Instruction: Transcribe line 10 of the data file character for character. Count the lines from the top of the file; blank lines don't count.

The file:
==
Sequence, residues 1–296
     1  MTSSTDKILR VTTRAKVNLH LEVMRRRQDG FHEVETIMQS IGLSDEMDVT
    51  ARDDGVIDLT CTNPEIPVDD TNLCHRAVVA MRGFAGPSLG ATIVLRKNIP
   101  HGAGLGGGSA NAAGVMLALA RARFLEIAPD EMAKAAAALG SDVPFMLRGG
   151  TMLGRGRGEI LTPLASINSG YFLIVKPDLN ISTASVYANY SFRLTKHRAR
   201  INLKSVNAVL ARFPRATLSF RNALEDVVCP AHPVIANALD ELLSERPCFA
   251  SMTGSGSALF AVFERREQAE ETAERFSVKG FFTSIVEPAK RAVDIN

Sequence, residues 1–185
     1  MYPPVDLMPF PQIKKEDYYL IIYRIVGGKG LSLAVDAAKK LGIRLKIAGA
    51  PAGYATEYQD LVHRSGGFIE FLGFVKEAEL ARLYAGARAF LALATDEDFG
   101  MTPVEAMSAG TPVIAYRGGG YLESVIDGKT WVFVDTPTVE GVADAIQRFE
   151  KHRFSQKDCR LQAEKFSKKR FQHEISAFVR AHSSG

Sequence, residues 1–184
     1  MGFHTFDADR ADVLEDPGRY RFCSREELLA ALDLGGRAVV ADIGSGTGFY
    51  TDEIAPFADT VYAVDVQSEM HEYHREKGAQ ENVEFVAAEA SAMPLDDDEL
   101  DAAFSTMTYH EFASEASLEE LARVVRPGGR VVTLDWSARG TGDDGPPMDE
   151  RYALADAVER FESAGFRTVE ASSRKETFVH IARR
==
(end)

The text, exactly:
    51  PAGYATEYQD LVHRSGGFIE FLGFVKEAEL ARLYAGARAF LALATDEDFG